Tag Archives | Palm Pre

Palm’s Pre 2 Looks Nice. But at This Point, WebOS Needs More Than Nice

I don’t claim to have an unerring gut when it comes to judging new technology products. But stuff that knocks my socks off does tend to go on to do reasonably well. One notable exception, however, has been the Palm Pre–I continue to think that it’s one of the best phones on the market (thanks mainly to its WebOS software), but I can’t imagine that anyone involved with it, from Palm/HP to wireless carriers, is pleased with how it’s sold so far.

Today, HP announced the first WebOS phone to emerge since the company bought Palm. It’s the Pre 2, shipping this week in France and at an unspecified future date in the US. It looks like–well, like the Pre only better, with more modern specs (such as a 1-GHz CPU) and a meaty-sounding software update in WebOS 2.0. If it’s all it’s cracked up to be, it sounds like a phone that Palm Pre lovers will love even more.

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Palm Pre 2 Leaked: Like the Original, And That’s OK

D’oh. SFR, a wireless carrier in France, briefly posted a product page for the Palm Pre 2. The page is gone now, but we all know what goes up on the Internet never really comes down. Pre Central has the details preserved.

As the name suggests, the Palm Pre 2 doesn’t deviate much from the original. Instead, it modernizes the hardware — there’s a 1 GHz processor, 512 MB of RAM and an unspecified bump in battery life — and refines the design, with a flatter screen and what looks like a matted finish to reduce cracks in the plastic. And of course, WebOS 2.0 will be on board. Think of it as the Droid 2 to Motorola’s original Droid.

It’s tempting to look at the leaked Palm Pre 2 evidence and wonder what HP and Palm are thinking. When HP announced its plan to acquire Palm, it seemed giddy about getting WebOS, but didn’t mention the Pre at all. All signs pointed to some kind of smartphone reboot, not a rehash of the same hardware models that bombed commercially.

But updating the Palm Pre to reach parity with other smartphones doesn’t preclude HP and Palm from being more ambitious at the same time. A slab-like phone codenamed “Mansion” is reportedly in the works, and we know nothing about HP and Palm’s strategies for pricing, marketing and wireless carrier deals.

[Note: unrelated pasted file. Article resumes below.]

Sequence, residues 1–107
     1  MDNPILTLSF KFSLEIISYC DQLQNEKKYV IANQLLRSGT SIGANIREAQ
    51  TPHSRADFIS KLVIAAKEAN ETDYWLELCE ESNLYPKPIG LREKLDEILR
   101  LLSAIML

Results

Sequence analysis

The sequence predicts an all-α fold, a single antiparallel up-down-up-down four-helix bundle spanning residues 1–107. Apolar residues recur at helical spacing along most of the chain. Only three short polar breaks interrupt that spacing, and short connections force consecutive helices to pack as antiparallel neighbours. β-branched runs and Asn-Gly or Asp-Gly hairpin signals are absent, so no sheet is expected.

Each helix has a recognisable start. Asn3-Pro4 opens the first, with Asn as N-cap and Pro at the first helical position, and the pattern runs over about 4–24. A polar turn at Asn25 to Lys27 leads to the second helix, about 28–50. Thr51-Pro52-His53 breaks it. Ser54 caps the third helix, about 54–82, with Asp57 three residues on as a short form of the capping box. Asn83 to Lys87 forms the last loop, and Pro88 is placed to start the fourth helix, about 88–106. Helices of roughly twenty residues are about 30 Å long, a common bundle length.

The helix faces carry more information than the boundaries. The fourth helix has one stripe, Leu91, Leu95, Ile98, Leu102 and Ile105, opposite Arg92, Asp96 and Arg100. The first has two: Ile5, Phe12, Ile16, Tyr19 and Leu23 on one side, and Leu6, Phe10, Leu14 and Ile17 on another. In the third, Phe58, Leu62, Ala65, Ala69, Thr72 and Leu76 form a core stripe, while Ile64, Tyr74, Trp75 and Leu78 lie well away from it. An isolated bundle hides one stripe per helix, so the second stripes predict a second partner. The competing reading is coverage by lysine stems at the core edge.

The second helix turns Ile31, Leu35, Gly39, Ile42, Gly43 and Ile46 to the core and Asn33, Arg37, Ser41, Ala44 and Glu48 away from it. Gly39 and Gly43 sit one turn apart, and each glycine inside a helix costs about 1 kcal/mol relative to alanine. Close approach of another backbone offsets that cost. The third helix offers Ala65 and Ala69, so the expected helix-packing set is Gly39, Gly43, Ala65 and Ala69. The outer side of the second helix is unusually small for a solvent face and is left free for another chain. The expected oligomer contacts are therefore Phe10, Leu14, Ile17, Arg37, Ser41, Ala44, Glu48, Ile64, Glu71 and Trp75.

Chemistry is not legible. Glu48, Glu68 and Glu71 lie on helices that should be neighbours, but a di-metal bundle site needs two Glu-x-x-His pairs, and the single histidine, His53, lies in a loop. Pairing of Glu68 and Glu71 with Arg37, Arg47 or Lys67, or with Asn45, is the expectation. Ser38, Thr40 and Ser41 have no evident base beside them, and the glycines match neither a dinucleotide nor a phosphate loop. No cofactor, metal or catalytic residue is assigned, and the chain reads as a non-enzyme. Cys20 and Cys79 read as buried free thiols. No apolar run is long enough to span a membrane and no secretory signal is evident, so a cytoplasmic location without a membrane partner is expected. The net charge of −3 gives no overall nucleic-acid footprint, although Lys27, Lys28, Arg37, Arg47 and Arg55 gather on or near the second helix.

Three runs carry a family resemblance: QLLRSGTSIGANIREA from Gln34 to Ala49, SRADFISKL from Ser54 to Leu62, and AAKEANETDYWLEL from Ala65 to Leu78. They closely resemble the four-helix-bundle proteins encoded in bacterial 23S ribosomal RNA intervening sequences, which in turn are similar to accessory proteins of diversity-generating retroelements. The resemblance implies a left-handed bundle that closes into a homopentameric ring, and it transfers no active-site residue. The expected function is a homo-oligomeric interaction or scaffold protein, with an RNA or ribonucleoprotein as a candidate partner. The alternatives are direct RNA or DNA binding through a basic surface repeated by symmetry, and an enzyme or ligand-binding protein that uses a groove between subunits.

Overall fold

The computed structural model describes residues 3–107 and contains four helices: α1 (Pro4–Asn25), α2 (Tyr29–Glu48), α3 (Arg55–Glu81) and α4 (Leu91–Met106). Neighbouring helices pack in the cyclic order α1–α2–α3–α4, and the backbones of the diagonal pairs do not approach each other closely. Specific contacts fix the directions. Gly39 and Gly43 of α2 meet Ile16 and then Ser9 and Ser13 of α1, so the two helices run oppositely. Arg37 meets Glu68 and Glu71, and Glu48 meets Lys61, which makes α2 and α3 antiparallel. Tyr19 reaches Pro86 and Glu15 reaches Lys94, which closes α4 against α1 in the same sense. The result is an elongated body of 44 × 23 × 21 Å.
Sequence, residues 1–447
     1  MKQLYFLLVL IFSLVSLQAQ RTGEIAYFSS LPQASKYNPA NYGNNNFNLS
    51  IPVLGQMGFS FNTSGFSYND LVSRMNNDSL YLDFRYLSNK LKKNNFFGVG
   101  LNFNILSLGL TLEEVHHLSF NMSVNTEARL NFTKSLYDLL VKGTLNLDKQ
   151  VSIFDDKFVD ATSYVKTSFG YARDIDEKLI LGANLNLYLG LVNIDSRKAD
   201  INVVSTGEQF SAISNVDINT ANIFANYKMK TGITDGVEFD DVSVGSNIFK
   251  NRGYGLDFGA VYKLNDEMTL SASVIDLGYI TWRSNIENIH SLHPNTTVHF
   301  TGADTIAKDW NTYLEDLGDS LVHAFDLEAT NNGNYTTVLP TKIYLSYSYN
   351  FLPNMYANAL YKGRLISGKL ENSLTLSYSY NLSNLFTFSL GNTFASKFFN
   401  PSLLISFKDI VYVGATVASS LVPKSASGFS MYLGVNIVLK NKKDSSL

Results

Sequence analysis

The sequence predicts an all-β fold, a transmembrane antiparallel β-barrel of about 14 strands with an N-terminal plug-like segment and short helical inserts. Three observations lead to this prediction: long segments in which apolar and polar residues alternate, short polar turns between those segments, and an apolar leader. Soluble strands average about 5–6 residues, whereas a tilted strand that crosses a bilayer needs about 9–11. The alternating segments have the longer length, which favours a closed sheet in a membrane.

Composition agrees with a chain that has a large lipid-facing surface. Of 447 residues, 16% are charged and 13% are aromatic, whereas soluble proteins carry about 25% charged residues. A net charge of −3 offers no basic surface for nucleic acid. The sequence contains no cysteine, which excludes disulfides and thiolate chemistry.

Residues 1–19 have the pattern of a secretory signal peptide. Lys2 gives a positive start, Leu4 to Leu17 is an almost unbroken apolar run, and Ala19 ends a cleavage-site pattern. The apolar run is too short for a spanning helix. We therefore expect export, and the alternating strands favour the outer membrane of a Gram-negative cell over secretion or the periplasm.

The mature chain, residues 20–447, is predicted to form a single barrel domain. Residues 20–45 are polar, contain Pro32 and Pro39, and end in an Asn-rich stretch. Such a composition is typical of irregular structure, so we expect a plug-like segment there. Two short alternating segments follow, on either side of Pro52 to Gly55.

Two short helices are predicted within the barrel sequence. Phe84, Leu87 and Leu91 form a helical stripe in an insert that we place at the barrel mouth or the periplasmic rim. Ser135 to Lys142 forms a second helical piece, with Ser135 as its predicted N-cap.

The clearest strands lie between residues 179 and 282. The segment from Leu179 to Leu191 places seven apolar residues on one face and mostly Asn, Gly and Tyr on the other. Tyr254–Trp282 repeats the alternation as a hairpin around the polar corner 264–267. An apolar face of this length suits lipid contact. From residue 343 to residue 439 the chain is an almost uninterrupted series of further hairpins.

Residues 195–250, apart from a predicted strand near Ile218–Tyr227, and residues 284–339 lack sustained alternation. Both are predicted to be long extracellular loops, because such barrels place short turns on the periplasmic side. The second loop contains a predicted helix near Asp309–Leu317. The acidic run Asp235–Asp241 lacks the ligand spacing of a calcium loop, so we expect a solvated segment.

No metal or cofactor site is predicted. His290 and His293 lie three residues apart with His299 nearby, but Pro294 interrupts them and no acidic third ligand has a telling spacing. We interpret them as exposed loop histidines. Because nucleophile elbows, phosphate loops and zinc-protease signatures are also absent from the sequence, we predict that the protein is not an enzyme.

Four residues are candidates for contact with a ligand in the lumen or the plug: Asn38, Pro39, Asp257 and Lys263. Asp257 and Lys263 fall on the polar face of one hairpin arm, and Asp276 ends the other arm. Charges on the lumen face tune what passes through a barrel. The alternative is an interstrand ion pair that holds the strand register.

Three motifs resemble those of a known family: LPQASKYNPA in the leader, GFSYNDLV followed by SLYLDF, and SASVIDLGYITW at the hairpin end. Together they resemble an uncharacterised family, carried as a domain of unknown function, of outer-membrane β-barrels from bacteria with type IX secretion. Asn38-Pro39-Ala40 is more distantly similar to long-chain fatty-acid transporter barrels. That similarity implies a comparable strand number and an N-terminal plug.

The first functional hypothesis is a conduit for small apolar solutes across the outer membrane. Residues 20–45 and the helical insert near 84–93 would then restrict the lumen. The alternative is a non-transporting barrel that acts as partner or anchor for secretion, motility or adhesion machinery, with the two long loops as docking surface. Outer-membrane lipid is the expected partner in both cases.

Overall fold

Certainly, HP is in a deep hole with Palm phones. The App Catalog is tiny and brand awareness is lousy. Maybe the solution lies in releasing a lot of solid smartphones to a lot of carriers, and the Pre 2 is just the beginning. We’ll see.


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Palm Prices Plunge

Wow. When I wrote about Palm’s Pre Plus on Verizon one month ago, it was $150 (after a $100 rebate) on a two year contract, and the Mobile Hotspot feature was $40 a month. Now the Pre Plus is $50, and Mobile Hotspot is free. (The Pe Plus’s little sibling, the Pixi Plus, is $30.) The price cuts make the nifty Pre Plus one of the best bargains in smartphones–maybe the best buy.


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Palm’s Pre, Plussed: The Technologizer Review

From time to time, I’ve called Palm’s Pre the Most Interesting Smartphone That Isn’t the iPhone. It’s now been almost nine months since the Pre debuted on Sprint, and a bunch of other formidable handsets have since appeared, such as the Verizon Droid and Google Nexus One. But thanks to its exceptionally inventive WebOS software and distinctive form factor, the Pre still holds its own.

Now the Sprint Pre has been joined by the Pre Plus, which runs on Verizon Wireless and began shipping in January. After I recently said I was flirting with abandoning my AT&T iPhone, Palm offered to loan me a Plus for review. Here’s my take, following up on the story I did on the original Sprint Pre back in June. Executive summary: the Pre Plus isn’t a radically different phone from its predecessor, but it’s still a really good one–and while the WebOS third-party application situation pales in comparison to the iPhone, it’s better than I expected judged on the number of available apps alone.